Bomba con Buya brings dance and culture to campus


Francesca Divincenzo, Contributing Writer

Have you ever heard of the “bomba” dance style or wondered where it came from? Or maybe even why people perform it? In colonial Spain, West African slaves and their descendants developed bomba.

The towns of San Juan, Mayagüez, Ponce and Loíza, and others along Puerto Rico’s coast had sugar plantations where these people worked and subsequently created this dance style.

Bomba was a way that cane workers in the area would be able to decompress and get all the bad feelings out.

Bomba was also a way to communicate and celebrate events such as baptisms and marriages. Bomba is definitely an important dance to teach because it is more than just a dance; it is a history that others need to understand.

Bomba is a crucial piece in understanding the life and traditions of this culture to cultivate an understanding and appreciation.

There is more to learn than just the steps; the dance teaches about culture and how the ancestors survived. Now that you know about bomba, you can learn how to do it. A Chicago-based Puerto Rican music and dance group, Bomba con Buya, will give a workshop on Oct. 7 at 7p.m.The workshop aims to relate this piece of history to people of all levels of dance experience and truly embody what bomba is all about.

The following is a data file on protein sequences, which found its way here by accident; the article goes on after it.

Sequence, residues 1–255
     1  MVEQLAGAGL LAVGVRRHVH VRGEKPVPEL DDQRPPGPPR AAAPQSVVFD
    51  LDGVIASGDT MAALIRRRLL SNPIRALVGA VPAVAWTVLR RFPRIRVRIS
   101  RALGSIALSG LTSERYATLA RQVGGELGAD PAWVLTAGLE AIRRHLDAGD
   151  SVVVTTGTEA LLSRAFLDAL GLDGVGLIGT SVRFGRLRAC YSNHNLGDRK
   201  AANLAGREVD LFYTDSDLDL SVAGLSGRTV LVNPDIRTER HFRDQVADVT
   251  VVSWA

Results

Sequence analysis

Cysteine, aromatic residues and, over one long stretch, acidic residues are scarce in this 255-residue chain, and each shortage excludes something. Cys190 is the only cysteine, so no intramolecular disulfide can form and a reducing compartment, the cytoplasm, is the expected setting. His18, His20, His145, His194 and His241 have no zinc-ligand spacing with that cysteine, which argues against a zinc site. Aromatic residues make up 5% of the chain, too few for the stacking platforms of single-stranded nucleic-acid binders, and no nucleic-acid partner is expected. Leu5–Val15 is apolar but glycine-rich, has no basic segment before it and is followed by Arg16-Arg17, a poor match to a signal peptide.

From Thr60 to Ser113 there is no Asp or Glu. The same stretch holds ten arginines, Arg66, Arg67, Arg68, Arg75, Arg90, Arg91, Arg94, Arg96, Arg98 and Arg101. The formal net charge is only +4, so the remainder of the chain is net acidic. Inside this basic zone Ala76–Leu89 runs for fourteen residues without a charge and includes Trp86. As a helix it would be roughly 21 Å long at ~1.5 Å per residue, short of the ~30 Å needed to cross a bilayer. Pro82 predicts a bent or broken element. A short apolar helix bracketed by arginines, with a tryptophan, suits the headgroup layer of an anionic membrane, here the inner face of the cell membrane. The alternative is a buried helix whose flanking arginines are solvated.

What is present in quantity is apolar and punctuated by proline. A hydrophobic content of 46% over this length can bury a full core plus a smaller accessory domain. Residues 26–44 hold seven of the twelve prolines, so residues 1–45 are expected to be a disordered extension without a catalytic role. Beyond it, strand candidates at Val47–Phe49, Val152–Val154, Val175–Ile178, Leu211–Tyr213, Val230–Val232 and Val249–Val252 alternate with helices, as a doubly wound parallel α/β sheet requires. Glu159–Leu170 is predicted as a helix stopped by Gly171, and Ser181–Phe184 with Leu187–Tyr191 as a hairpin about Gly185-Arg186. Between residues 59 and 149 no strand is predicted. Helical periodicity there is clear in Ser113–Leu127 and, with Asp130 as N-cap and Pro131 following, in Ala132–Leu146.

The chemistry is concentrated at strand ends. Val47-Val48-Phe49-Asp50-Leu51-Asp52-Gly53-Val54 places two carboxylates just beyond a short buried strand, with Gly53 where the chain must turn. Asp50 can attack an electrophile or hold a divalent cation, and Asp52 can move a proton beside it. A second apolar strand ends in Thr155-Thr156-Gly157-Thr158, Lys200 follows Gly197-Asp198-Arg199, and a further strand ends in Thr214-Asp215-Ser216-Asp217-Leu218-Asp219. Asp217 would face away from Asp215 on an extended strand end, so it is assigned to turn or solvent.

Bomba con Buya will also be performing at the Martin Luther King Center at 312 Chestnut Street in Erie on Friday, Oct. 8 at 7 p.m.

Whether you are interested in deep-diving into history, dancing with talented people or learning something new, Bomba con Buya is the perfect way to have fun while celebrating Hispanic Heritage Month.

There are many other types of dances that are associated wit Hispanic culture and they all give great insight into that specific culture. Be sure to keep an eye out for more activities to attend during the rest of National Hispanic Heritage Month until its conclusion on Oct. 15.